SAVANNAH, Ga. (WSAV) — When driving down any road, there is the occasional sad sight of a dead animal. If that happens to be in city limits, you can thank the City of Savannah Sanitation Department for clearing it.
This is not a job for the squeamish, as roadkill can be found in various stages of decomposition and decay.
“They prepare themselves by just mentally knowing when they’re going to do,” said Quhannah Andrews, senior sanitation director for the city of Savannah.
“We got a lot of seasoned people on staff that have actually doing it for a little while.”
Whether it be a deer, raccoon, possum, cat, dog, etc., once a call comes into the 311 number, they are on the way within 24 hours.
“They really don’t know what to expect, meaning the newer ones, but the seasoned ones know what to do,” said Andrews.
One of their trucks will arrive at the scene and with a mechanical claw, carefully scoop up the roadkill and debris and lightly place the animal in the container.
They then cart the contents over to the landfill off Dean Forest Road.
To report roadkill, call the 311 citizens hotline with the address and animal description.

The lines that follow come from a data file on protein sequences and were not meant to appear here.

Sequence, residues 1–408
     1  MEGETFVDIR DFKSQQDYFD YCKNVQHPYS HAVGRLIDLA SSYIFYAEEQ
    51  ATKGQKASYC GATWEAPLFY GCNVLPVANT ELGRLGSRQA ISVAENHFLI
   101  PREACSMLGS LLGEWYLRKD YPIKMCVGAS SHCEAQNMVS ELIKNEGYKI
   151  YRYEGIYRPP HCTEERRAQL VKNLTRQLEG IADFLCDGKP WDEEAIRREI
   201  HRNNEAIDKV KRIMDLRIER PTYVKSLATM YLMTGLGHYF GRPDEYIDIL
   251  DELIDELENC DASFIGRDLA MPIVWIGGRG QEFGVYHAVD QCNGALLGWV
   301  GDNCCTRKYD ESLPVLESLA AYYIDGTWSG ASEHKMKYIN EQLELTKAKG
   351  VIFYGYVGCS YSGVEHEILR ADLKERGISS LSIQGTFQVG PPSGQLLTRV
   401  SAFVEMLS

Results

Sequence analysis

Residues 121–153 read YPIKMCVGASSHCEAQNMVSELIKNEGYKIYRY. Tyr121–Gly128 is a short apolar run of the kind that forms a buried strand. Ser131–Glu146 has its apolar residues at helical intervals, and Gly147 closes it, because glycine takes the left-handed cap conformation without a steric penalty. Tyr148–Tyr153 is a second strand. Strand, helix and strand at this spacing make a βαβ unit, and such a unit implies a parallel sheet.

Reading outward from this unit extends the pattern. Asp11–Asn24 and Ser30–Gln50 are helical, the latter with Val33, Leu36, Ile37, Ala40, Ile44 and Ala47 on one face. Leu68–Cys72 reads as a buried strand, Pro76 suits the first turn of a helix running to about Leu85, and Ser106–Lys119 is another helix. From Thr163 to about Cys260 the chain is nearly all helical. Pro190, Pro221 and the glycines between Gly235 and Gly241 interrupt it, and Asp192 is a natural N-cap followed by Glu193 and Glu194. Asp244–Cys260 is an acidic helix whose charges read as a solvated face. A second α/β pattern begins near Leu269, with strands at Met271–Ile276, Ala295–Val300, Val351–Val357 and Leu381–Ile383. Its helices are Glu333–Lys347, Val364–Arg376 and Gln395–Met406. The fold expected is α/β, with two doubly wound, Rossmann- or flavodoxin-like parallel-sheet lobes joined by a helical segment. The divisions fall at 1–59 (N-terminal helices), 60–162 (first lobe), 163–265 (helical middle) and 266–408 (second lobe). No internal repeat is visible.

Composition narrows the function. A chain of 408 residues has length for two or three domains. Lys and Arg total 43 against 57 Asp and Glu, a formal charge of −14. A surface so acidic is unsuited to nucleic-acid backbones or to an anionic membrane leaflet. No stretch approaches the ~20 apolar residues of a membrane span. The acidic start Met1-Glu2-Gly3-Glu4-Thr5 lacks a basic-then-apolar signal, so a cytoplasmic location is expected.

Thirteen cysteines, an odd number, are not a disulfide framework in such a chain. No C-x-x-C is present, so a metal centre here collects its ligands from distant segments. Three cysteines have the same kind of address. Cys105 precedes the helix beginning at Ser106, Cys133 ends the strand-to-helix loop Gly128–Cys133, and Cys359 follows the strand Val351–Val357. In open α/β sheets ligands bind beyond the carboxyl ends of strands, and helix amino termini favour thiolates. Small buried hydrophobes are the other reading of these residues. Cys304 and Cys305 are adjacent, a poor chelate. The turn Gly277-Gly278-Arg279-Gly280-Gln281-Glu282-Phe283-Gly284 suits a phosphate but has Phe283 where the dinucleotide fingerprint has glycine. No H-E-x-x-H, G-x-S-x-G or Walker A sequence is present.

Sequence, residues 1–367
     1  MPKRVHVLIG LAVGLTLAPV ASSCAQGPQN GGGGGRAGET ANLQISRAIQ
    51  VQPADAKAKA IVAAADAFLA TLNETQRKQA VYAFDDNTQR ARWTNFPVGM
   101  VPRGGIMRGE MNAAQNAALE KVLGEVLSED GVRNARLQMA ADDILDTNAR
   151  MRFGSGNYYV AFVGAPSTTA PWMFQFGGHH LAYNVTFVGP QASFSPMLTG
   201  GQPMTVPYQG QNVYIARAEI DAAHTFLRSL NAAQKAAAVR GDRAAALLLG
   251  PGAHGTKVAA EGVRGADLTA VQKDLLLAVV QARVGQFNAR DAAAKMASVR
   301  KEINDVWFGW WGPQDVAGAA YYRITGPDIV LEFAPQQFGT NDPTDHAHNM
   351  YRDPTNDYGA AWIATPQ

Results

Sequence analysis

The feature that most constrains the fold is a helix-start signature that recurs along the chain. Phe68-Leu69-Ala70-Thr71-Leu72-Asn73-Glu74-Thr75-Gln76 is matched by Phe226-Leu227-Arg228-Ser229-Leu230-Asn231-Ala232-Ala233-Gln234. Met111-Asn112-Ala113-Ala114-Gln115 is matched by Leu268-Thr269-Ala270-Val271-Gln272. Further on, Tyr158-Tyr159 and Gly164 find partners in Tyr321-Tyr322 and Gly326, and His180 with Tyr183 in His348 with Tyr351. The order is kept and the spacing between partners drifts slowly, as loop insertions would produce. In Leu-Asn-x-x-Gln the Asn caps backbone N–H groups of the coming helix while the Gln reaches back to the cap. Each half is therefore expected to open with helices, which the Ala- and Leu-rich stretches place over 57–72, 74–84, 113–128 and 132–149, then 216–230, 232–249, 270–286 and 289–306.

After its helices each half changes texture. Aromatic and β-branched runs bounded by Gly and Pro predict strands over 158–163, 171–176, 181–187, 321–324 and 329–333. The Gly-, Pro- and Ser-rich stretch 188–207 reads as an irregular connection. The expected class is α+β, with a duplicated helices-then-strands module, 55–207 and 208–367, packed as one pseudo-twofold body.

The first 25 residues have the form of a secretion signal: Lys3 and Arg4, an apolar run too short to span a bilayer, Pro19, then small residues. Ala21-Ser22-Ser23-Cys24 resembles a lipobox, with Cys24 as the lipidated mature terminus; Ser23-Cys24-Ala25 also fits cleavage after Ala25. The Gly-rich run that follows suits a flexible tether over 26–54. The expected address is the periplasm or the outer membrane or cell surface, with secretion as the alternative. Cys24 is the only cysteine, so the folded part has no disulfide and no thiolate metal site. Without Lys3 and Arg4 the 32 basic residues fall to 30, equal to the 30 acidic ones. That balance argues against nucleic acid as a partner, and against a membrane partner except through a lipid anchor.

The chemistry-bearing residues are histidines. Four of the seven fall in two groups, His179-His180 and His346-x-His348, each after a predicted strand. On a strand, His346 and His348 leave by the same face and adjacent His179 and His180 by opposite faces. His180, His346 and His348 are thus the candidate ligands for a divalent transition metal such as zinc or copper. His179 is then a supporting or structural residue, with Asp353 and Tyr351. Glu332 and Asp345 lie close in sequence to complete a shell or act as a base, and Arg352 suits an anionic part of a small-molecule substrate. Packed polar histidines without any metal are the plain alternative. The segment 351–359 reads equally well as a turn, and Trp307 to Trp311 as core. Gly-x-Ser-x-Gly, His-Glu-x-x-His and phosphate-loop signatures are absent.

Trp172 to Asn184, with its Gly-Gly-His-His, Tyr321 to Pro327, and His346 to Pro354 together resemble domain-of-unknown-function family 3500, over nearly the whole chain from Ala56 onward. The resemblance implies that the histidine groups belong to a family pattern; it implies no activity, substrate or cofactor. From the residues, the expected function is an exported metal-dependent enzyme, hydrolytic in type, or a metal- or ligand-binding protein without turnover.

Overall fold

According to 311, from Nov. 1, 2022, to Nov. 1, 2023, the department has answered 352 service requests for dead animal removal.
“They go out and they show up and show out every single day,” said Andrews. “Whenever they’re deployed, they are constant professionals. They’re on task, they’re on duty.”
To eat or not to eat: Can you eat roadkill?
Not all animals killed are salvageable but, The Fair Chase says that it is perfectly safe to eat roadkill as long as the meat is fresh and in good condition.
In the state of Georgia, you can harvest the animal as long as it is a native species, and if you come across a dead black bear, you must report it.
Other than those two requirements, you are free to harvest the animal. In states like Arkansas, California, Montana, New Hampshire, Ohio, Oregon, Tennessee and Washington, it’s fair game.